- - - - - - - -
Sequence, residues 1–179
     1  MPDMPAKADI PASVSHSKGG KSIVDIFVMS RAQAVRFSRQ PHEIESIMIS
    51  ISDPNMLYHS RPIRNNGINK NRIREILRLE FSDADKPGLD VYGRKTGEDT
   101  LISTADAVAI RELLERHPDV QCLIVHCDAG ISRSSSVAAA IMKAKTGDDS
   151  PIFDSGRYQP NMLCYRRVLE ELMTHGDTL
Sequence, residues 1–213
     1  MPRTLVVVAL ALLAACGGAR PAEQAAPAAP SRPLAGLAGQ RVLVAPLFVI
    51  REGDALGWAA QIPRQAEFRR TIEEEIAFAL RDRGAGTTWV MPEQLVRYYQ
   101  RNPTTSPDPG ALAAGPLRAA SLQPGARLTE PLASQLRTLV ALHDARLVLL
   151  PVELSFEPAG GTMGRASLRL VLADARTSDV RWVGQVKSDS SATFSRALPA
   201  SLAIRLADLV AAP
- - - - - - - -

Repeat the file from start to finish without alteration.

Sequence, residues 1–179
     1  MPDMPAKADI PASVSHSKGG KSIVDIFVMS RAQAVRFSRQ PHEIESIMIS
    51  ISDPNMLYHS RPIRNNGINK NRIREILRLE FSDADKPGLD VYGRKTGEDT
   101  LISTADAVAI RELLERHPDV QCLIVHCDAG ISRSSSVAAA IMKAKTGDDS
   151  PIFDSGRYQP NMLCYRRVLE ELMTHGDTL
Sequence, residues 1–213
     1  MPRTLVVVAL ALLAACGGAR PAEQAAPAAP SRPLAGLAGQ RVLVAPLFVI
    51  REGDALGWAA QIPRQAEFRR TIEEEIAFAL RDRGAGTTWV MPEQLVRYYQ
   101  RNPTTSPDPG ALAAGPLRAA SLQPGARLTE PLASQLRTLV ALHDARLVLL
   151  PVELSFEPAG GTMGRASLRL VLADARTSDV RWVGQVKSDS SATFSRALPA
   201  SLAIRLADLV AAP